This activity follows Vodafone UK’s recent research, which found that 91% of Scotland’s rural areas are total 5G “not-spots“, compared to just 20% of Scotland’s urban areas. Vodafone also identified significant regional disparities, with a rural area in Scotland being 62% more likely to have no 5G at all, compared to a rural area in England.

All of this is clearly designed to drum up political support for their merger, while also supporting the Government’s Wireless Infrastructure Strategy (WIS), which last year set out an ambition for “all populated areas to be covered by ‘standalone’ 5G (5G-plus) by 2030” (here). But it’s worth noting that Vodafone’s 5GSA targets aren’t legally binding.

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Mark-Jackson
By Mark Jackson
Mark is a professional technology writer, IT consultant and computer engineer from Dorset (England), he also founded ISPreview in 1999 and enjoys analysing the latest telecoms and broadband developments. Find me on X (Twitter), Mastodon, Facebook and .
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Comments
7 Responses
  1. Avatar photo Andrew says:

    What’s the point in Vodafone “Ultra 5G”/ 5G SA, if they only allow specific Samsung Android phones to access it, more specifically, Last years model, not even this years model

    I am an iOS user, so I am not even supported on the iPhone 15 Pro Max

    1. Mark-Jackson Mark Jackson says:

      O2 has a similar problem, but such teething problems with a new network technology aren’t uncommon.

    2. Avatar photo Chris says:

      It’s a soft launch/trial. Eventually the tech will be extended to all 5G handsets

    3. Avatar photo Mark says:

      There are lots and lots of compatibility issues with 5G standalone.
      Even the handsets which are supported have issues.
      If you look at the Vodafone, VMO2, and even Samsung’s own forums, lots of people are struggling with it.
      Some users cant connect. Others connect but get disconnected within a minute.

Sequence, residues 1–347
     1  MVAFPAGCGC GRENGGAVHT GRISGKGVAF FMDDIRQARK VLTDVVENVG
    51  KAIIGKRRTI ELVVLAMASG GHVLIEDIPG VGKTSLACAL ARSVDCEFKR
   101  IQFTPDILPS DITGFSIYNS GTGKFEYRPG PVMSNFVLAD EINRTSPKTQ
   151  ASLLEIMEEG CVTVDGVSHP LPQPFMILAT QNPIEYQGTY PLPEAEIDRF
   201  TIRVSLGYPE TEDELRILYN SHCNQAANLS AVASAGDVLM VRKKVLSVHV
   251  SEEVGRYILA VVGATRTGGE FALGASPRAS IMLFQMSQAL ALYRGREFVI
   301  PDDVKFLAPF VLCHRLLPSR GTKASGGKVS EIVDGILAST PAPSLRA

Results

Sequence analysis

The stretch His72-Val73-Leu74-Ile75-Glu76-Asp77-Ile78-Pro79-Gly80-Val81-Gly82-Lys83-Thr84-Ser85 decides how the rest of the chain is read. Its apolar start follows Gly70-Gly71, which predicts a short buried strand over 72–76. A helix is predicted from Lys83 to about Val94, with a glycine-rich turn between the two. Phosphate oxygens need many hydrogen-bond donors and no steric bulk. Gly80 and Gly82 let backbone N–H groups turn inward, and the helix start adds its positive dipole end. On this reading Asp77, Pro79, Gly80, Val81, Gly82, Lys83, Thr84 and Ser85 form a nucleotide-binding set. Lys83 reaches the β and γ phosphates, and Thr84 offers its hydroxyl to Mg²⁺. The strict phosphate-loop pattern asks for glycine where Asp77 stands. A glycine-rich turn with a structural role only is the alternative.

iOS has major issues with battery life when it comes 5G standalone, reported in other markets.
      Even with 5G non-standalone there is battery drain as it keeps switching between different network types.
      I’ve switched mine to 4G only and am experiencing around 20% battery life and in some cases better speeds than 5G (I live in London)
      Not bothered about 5G standalone. One needs to ask themselves what exactly does anyone need anything more than 30Mbs download throughput on a mobile device? You cna stream 4K video with less than that if you wanted to.
      I would say for the majority of users robust ubiquitous LTE coverage is far important than having ridiculous throughout speeds over 5G standalone.

    4. Avatar photo 4chAnon says:

      The problem with 5G (N/)SA is that it’s not ubiquitous enough so your device ends up swapping between network types.

      Currently in China where this isn’t an issue and my battery life is fine.

  2. Avatar photo bilies says:

    Vodafone needs to stop talking about 5G and actually roll it out!

    They are the only network that has yet to roll out any useful 5G in NE Scotland.
    They have pockets of coverage in Aberdeen and, best I can tell a single mast in Inverness but they have absolutely nothing along the A96 corridor in between.

    All other networks have some outdoor coverage in several of the major towns along the route

    1. Avatar photo ramzez says:

      they don’t even have 5G in Cambridge 🙂